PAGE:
Monday, December 10, 2012

Tallahassee, Day 2: Orman House, John Gorrie Museum, and St. George Island State Parks

State Parks visited: 60

Our second day in Tallahassee was a busy one!  We opted to drive south and visit a few parks in the Apalachicola area.  The first stop was The Orman House.  This home was built in 1838 by a businessman, Thomas Orman.  He led the area in cotton exports, among other ventures, and Apalachicola became the busiest port in the region because of him. 
Once we walked in, Ranger Beth came out to say hello.  She offered to show us around the house and answer questions, so of course we said yes. 

I really enjoyed our tour of the Orman House.  It was especially interesting learning about the family that owned it, how the house had been passed through several generations, and then how it fell into disrepair.  In fact, there used to be a horse that lived in the yard, and the last owners ran it as a bed and breakfast. 
On the property outside the house is a replica of the Three Soldiers Detail, dedicated to veterans of the Vietnam War.  If you visit the Orman House, please, take the time to visit the statue as well.
Once we left the Orman House, we drove a few blocks away to see the John Gorrie Museum.  I managed to take exactly 4 pictures of the outside before I dropped and broke our camera...which makes it the third or fourth time I've done that.  Ahem. 
Now, why should there be a museum dedicated to John Gorrie?  Well, let me ask you this:  Where are you from?  I am a Floridian, and our summers are hot and sticky.  Imagine working outside in the heat of summer, and then coming inside to an air conditioned room and drinking an ice cold beverage.  Totally refreshing, right?  You have John Gorrie to thank for that.  He was the father of modern refrigeration, and I personally think he should have a museum, national holiday, and maybe even a planet named after him.
My iPhone came to the rescue, and I was able to take pictures on our walk through the museum.  It's a really small building, and it's actually only partly dedicated to Dr. Gorrie.  The rest of it shows the history of Apalachicola, from cotton plantations to oystering.  The center of it all is a recreation of the first ice machine.  Dr. Gorrie worked on this machine as a way of cooling down patients afflicted with malaria and yellow fever.
Olivia loved playing with this ship's wheel, because the picture moved along with the wheel's movements.  Some other photos (please pardon the quality):
You might think those two parks were quite enough activity for one day, but we weren't ready to end the fun right then.  Nope, we actually drove over to St. George Island and paid a visit to the Dr. Julian G. Bruce St. George Island State Park.  Got all that?!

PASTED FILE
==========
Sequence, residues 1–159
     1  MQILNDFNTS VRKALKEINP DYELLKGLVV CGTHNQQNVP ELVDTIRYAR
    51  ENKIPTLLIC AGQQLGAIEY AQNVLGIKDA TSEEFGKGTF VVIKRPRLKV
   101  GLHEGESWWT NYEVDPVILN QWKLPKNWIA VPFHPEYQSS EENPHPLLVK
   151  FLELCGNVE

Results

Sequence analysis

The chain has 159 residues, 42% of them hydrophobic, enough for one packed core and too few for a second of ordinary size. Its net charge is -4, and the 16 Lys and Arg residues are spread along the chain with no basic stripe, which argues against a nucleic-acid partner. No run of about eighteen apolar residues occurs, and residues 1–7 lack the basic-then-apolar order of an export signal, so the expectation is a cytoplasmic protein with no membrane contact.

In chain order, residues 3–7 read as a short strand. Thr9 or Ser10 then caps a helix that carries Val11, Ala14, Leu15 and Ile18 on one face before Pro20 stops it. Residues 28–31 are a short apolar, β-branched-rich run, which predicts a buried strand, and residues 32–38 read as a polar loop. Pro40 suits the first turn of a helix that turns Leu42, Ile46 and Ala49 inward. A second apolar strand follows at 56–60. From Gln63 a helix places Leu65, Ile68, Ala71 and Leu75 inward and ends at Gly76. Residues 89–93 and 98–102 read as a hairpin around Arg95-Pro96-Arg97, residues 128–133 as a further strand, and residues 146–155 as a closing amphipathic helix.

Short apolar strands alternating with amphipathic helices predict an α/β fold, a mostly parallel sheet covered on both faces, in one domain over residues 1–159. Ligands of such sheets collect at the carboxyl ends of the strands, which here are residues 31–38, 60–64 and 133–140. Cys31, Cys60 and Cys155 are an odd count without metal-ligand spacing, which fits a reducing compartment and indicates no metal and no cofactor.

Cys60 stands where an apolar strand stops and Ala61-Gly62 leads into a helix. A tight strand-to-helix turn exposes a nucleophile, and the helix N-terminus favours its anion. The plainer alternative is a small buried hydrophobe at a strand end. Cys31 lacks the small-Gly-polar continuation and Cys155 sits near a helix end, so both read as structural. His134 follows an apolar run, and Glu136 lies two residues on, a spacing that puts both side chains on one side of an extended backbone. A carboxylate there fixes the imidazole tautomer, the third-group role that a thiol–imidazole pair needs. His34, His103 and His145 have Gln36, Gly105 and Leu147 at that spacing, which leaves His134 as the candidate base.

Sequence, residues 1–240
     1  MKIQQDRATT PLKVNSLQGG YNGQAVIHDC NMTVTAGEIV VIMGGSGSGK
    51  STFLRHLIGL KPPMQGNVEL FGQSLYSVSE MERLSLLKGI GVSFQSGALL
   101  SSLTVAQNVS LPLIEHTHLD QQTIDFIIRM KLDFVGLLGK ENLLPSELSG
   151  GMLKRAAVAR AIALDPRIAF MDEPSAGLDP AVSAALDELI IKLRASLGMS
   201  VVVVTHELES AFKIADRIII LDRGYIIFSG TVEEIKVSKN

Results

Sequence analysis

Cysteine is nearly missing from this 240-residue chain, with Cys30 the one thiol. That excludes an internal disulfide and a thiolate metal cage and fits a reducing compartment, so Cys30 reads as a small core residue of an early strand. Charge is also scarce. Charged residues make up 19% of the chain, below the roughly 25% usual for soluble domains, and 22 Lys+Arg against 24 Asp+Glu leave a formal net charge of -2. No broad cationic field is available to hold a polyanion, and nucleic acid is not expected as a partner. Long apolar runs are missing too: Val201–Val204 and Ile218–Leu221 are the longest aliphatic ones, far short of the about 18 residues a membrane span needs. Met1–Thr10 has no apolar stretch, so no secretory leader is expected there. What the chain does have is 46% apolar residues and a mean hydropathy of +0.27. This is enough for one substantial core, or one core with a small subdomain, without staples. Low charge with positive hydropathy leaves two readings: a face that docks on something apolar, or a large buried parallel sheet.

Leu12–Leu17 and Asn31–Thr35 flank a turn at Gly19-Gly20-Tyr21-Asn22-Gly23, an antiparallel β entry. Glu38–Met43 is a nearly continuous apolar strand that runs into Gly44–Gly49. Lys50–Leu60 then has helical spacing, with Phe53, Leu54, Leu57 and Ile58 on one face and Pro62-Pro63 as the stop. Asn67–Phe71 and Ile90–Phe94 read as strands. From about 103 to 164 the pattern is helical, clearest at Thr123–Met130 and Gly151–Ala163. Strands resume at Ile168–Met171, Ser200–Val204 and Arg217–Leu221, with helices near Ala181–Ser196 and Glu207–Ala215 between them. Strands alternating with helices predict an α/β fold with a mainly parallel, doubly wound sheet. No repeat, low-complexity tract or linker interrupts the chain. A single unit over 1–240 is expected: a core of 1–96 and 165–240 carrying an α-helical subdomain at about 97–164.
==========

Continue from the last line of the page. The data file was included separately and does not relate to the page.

I'm going to go ahead and apologize here because I lost some pictures in the shuffle between camera and iPhone.  So, I don't have the usual photos I usually post of the park entry sign!  Enjoy this picnic pavilion instead.
In fact, we enjoyed the picnic pavilion ourselves when we got there.  It wasn't crowded, and it provided a great place for our lunch.  Afterward we headed down to the water for a little relaxation. 
Our trip to this particular beach was only a few days after Tropical Storm Debby moved through North Florida.  It was quickly evident that the area was still feeling the effects of the storm.  See it?
There was a sign at the ranger station saying there was a lot of seaweed because of the storm,!  This line of seaweed, called a wrack line or beach wrack, had gotten a lot of complaints from some park guests, if you can believe it.  I mean, come on!  It's a natural thing, deal with it.  These park rangers have enough to deal with.
Of course, that being said, I was not a fan of the large dark masses moving through the water.  It creeped me out, and Olivia too, so we decided to spend our beach time doing other things.
Hunting for wildlife:
And building 'mommy and me' sand turtles:
The little bit of sightseeing we did showed us the highest dunes I think I've ever seen, and a walkway to nowhere:
Our visit to St. George Island was brief.  On the way out we drove through the campground, and then stopped by the ranger station to buy a patch.  It was a quiet end to a busy day, just what we needed before packing up and leaving for home the next day...after one more park, of course.


Tuesday, October 9, 2012

Please join us for an awesome event!!

                  Hike & Seek in Highlands Hammock State Park!

Hi Friends!  I wanted to share an upcoming geocaching event with you.  If y'all remember, last year we attended the inaugural Hike & Seek in Highlands Hammock State Park.  It was our first trip to Highlands Hammock, and we've been back a few times since.  This event was amazing!  The organizer, Sarah (geocaching handle: rabid_duck), put out around 100 geocaches of all types and skill levels.  The scenery was gorgeous and we had a super weekend.  You can find my blog entry on the event HERE.
The Hike & Seek event coincides with the annual Civilian Conservation Corps Festival. The CCC workers created our first state parks, including Highlands Hammock, and the museum dedicated to them is a humbling experience to look through.